A key limitation of our work is that we did not have information on the timing of prodromal TIA; however, previous data suggest that such events are most likely to occur within the week immediately preceding the stroke.7 In summary, only 1 in 8 patients with acute stroke had a previous TIA (with a higher frequency of TIA in large artery stroke). Widely implemented urgent TIA clinics might therefore prevent a small but significant fraction of the current stroke burden. In addition, these data highlight a need for risk profiles that accurately identify and stratify individual risk for first stroke.


Statistical analysis was conducted by Julie T. Wang, Institute for Clinical Evaluative Sciences, Toronto, Canada.


The study was sponsored by the Canadian Institutes of Health Research and Ontario Ministry of Health and Long-Term Care. The Registry of the Canadian Stroke Network was sponsored by the Canadian Stroke Network and the Ontario Ministry of Health and Long-Term Care. The funding sources had no role in the design and conduct of the study; collection, management, analysis, and interpretation of the data; or preparation, review, or approval of the manuscript.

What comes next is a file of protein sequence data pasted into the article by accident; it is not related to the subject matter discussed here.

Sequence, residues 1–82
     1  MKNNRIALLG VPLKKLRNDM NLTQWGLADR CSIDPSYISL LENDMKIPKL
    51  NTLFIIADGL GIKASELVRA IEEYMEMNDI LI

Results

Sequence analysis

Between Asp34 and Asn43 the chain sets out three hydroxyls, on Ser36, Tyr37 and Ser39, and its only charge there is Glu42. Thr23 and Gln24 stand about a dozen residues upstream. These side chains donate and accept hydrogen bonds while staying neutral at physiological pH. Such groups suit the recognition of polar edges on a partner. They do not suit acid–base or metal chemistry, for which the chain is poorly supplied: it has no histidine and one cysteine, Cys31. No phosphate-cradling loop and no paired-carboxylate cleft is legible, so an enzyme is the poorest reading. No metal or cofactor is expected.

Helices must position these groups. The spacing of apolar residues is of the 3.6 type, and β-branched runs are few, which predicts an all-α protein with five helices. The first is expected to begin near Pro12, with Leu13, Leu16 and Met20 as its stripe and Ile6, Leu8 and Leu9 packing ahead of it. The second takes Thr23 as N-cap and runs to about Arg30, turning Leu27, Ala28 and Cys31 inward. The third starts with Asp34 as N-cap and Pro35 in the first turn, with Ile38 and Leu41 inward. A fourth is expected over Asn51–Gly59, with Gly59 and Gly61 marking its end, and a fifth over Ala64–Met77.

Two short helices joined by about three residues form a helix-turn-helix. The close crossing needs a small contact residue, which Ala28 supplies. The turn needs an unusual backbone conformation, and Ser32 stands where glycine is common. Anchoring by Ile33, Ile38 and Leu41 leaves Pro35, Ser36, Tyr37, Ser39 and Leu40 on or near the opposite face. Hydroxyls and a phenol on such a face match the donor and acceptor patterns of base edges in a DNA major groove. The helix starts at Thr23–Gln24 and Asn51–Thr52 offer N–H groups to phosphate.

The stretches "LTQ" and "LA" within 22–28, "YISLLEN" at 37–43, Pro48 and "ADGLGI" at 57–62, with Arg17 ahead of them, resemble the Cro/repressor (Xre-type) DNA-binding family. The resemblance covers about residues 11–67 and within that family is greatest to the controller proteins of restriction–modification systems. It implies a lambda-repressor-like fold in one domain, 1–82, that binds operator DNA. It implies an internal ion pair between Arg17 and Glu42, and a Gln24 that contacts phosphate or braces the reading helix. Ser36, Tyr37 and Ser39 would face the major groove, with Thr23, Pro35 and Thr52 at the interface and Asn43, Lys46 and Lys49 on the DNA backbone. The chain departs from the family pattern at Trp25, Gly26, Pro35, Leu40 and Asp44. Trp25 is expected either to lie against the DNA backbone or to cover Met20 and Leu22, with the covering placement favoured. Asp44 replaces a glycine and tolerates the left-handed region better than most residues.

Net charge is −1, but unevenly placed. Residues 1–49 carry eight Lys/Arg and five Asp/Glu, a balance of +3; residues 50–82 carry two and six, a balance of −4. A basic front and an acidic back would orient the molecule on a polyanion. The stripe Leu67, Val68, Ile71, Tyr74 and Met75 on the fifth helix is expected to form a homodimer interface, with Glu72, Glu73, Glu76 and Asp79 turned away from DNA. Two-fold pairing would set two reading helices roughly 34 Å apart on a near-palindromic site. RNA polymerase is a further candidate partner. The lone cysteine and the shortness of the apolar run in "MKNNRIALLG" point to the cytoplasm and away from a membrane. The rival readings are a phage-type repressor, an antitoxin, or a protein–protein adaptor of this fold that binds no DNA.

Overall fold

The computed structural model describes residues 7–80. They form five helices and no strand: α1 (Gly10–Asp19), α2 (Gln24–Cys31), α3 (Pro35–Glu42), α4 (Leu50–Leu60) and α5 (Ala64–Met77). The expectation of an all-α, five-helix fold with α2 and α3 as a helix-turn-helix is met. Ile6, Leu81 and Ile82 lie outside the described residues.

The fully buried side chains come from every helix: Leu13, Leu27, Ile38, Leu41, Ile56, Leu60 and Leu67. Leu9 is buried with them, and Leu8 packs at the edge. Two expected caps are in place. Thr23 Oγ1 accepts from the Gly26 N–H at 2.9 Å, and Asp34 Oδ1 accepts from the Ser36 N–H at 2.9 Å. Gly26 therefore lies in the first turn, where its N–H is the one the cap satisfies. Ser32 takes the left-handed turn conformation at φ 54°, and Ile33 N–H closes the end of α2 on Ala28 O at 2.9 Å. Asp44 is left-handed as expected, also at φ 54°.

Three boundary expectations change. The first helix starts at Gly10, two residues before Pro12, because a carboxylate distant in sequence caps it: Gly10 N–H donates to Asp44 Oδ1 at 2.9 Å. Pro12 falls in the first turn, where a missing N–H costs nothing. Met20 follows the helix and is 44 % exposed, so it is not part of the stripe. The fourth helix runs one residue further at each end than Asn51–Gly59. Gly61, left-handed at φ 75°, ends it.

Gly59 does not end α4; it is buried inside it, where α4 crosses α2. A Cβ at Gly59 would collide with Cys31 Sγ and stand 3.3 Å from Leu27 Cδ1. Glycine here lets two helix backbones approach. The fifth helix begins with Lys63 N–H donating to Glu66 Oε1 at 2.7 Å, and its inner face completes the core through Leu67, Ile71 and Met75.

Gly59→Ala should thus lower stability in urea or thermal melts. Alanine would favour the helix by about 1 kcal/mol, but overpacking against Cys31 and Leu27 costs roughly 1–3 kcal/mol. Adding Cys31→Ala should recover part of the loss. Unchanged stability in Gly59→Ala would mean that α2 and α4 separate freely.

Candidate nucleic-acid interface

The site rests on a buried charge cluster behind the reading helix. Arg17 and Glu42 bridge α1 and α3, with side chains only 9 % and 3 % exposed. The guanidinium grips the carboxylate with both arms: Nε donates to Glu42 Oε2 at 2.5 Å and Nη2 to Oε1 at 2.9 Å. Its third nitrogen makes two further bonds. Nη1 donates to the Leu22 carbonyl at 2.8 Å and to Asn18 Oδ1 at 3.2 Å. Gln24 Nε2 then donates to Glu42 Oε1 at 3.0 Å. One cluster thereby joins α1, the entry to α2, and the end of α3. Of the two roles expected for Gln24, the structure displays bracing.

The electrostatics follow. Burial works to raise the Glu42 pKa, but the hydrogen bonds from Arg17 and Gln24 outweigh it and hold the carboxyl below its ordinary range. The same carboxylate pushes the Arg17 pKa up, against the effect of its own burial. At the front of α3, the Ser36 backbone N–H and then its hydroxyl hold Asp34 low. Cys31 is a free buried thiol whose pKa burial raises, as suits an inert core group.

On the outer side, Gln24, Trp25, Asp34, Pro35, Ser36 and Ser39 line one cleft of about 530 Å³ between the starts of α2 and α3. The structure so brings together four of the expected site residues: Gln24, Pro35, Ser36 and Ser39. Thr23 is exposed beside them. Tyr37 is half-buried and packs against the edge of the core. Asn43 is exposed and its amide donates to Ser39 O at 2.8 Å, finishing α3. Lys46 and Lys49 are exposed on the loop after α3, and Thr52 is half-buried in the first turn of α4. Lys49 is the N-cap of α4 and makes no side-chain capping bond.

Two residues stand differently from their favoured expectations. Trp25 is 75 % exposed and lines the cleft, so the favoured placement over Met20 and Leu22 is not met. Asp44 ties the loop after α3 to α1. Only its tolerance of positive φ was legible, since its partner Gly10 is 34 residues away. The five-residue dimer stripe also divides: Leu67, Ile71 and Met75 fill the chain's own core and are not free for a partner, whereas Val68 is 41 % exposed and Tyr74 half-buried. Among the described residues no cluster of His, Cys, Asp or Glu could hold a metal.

Disclosure: Dr. Hackam, Dr. Kapral, Ms. Wang, and Dr. Fang report no disclosures. Dr. Hachinski serves as Editor-in-Chief of Stroke and has received honoraria for participation in symposia from Ferrer Group and Boehringer-Ingelheim.

Received March 9, 2009. Accepted in final form May 19, 2009.

Address correspondence and reprint requests to Dr. Daniel G. Hackam, Stroke Prevention and Atherosclerosis Research Centre (SPARC), 1400 Western Road, London, Ontario, Canada N6G 2V2; ac.owu@makcahd


1. Wu CM, McLaughlin K, Lorenzetti DL, Hill MD, Manns BJ, Ghali WA. Early risk of stroke after transient ischemic attack: a systematic review and meta-analysis. Arch Intern Med 2007;167:2417–2422. [PubMed]
2. Rothwell PM, Giles MF, Chandratheva A, et al. Effect of urgent treatment of transient ischaemic attack and minor stroke on early recurrent stroke (EXPRESS study): a prospective population-based sequential comparison. Lancet 2007;370:1432–1442. [PubMed]
3. Lavallee PC, Meseguer E, Abboud H, et al. A transient ischaemic attack clinic with round-the-clock access (SOS-TIA): feasibility and effects. Lancet Neurol 2007;6:953–960. [PubMed]
4. Silver FL, Kapral MK, Lindsay MP, Tu JV, Richards JA. International experience in stroke registries: lessons learned in establishing the Registry of the Canadian Stroke Network. Am J Prev Med 2006;31:S235–S237. [PubMed]
5. Saposnik G, Hill MD, O’Donnell M, Fang J, Hachinski V, Kapral MK. Variables associated with 7-day, 30-day, and 1-year fatality after ischemic stroke. Stroke 2008;39:2318–2324. [PubMed]
6. Moncayo JM, de Freitas GRM, Bogousslavsky JM, Altieri MM, van Melle GP. Do transient ischemic attacks have a neuroprotective effect? Neurology 2000;54:2089–2094. [PubMed]
7. Rothwell PM, Warlow CP. Timing of TIAs preceding stroke: time window for prevention is very short. Neurology 2005;64:817–820. [PubMed]

Articles from Neurology are provided here courtesy of American Academy of Neurology